WALNUT CREEK (CBS SF) – A California Highway Patrol officer who died of his injuries following a traffic stop shooting on an East Bay highway had his organs donated and is helping save the lives of eight people, according to the CHP.
Officer Kenyon Youngstrom had prearranged to have his organs donated, and his wishes were being carried out, CHP officials said.
In a statement issued courtesy of the California Transplant Donor Network, Youngstrom’s family said “Kenyon was always giving to others and serving others as a CHP Officer and in his life with us. Our grief is overwhelming. But in his special way, Kenyon carries on in helping others. Those who knew him would not be surprised to learn that Kenyon chose to register as an organ and tissue donor.
“When Kenyon graduated from the police academy, he was told his job was to save a life. He does so now through his decision.
“Through this gift, he will save the lives of those who need transplants as well as potentially improve the lives of many. This was our Kenyon, he’s our hero and in the midst of our grief, we are comforted to know he continues to help.”
Youngstrom is survived by his wife Karen, two sons and two daughters, and his parents, Gaylord and Jill Youngstrom, of Riverside, Calif. He also had four brothers and a sister.
His family has asked for privacy as they grieve together, and “learn how to face tomorrow without Kenyon,” CHP officials said.
A statement released by the CHP describes Youngstrom as a “man of God” and states that he “radiated joy and genuine care for all around him.”
Flags were flying at half-staff across the state Thursday in honor of Youngstrom who died Wednesday after he was shot Tuesday morning during a traffic stop on Interstate Highway 680 in Alamo.
The Fairfield resident was pronounced dead at 6:05 p.m. at John Muir Medical Center in Walnut Creek, according to the CHP.
Youngstrom was shot in the head around 8:30 a.m. Tuesday while talking with the driver of a green Jeep Wrangler his partner had pulled over on southbound I-680 north of Livorna Road in the Alamo area.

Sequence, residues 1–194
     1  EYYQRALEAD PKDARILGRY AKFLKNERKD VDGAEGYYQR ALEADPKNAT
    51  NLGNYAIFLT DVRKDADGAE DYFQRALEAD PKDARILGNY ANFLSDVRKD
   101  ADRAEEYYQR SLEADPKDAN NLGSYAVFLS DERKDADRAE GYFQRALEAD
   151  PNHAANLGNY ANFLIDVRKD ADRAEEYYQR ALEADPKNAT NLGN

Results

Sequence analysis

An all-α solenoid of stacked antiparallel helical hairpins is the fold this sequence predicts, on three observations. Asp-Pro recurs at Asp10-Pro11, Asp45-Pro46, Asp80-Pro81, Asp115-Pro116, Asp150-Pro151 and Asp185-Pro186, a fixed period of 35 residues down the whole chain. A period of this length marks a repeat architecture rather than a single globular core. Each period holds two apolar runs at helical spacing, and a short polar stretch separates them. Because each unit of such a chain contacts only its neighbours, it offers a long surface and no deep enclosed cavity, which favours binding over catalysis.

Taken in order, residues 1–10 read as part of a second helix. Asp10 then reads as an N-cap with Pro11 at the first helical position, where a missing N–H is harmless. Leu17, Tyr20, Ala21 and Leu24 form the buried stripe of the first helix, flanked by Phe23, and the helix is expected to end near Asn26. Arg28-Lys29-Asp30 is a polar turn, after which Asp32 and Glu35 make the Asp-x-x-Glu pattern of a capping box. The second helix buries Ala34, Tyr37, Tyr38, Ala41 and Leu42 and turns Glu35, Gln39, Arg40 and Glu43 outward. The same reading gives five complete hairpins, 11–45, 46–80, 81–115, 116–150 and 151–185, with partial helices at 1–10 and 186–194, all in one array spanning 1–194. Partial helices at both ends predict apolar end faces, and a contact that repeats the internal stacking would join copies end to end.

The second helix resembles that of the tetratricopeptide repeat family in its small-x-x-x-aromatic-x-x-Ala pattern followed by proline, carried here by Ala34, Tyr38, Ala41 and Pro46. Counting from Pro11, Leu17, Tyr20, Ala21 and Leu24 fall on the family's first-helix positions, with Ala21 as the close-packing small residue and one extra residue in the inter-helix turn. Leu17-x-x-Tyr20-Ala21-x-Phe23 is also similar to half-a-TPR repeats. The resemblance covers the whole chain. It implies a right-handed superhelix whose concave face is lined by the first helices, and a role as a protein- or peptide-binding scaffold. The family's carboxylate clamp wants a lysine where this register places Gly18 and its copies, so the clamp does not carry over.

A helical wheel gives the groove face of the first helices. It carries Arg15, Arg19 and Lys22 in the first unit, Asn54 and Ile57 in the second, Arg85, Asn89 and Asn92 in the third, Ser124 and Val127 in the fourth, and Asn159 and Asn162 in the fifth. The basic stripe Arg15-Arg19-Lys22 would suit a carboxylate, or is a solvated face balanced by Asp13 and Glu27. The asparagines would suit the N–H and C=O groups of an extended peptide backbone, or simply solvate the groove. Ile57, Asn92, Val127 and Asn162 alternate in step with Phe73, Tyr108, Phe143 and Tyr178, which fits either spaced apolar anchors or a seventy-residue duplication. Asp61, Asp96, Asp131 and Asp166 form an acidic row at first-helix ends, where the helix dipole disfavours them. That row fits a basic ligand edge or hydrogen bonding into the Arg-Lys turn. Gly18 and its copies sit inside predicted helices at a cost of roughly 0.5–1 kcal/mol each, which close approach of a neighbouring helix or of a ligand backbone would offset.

The Jeep’s driver, identified as Christopher Boone Lacy, 36, of Corning, Calif., shot Youngstrom without warning after a brief conversation on the side of the highway, Contra Costa County sheriff’s spokesman Jimmy Lee said.
A second officer shot Lacy after Youngstrom was struck.
Both Youngstrom and Lacy were taken to John Muir Medical Center, where Lacy died that day.
Youngstrom’s family and colleagues rushed to be with the wounded officer at the hospital.
The seven-year CHP veteran was assigned to the agency’s Contra Costa office in Martinez in February 2006 after graduating from the CHP Academy in August 2005.
He was then transferred to the Golden Gate Division headquarters in January 2009 before returning to a post in Contra Costa County on Aug. 1 of this year.
Youngstrom had served in the U.S. Army Reserve from 1994 to 2000 and had reached the rank of specialist.
A memorial fund has been set up through Wells Fargo, and donations to the Officer Kenyon Youngstrom Memorial can be made at any Wells Fargo branch, CHP Officer Elon Steers said.
The Mechanics Bank has also opened an account for Youngstrom’s family. Donations can be made in person at any branch throughout the Bay Area and Sacramento region. Donations can also be mailed, with checks made payable to “For Benefit of Officer Kenyon Youngstrom” and sent to Mechanics Bank, 1350 N. Main St., Walnut Creek, CA, 94596.
For wire transfers, the bank’s routing number is 121102036.
CHP Commissioner Joe Farrow released a statement shortly after learning about Youngstrom’s death, saying that Youngstrom would be honored by having his name engraved on the CHP Memorial Fountain in Sacramento.
“This is a very sad day for the CHP as well as all Californians,” Farrow said. “Officer Youngstrom was a valued member of the CHP family.”
Youngstrom is the 223rd CHP officer to be killed in the line of duty since 1929.
Gov. Jerry Brown expressed his condolences on behalf of Californians.
“Officer Youngstrom died protecting the community he served, and we are grateful to him for that,” the governor said.
Capitol flags will be flow at half-staff, the governor’s office announced.
Plans are being made for a public memorial in the near future, CHP Officer John Fransen said.
The shooter, Lacy, who graduated from San Francisco State University’s computer science master’s program in 2005, was a computer engineer.
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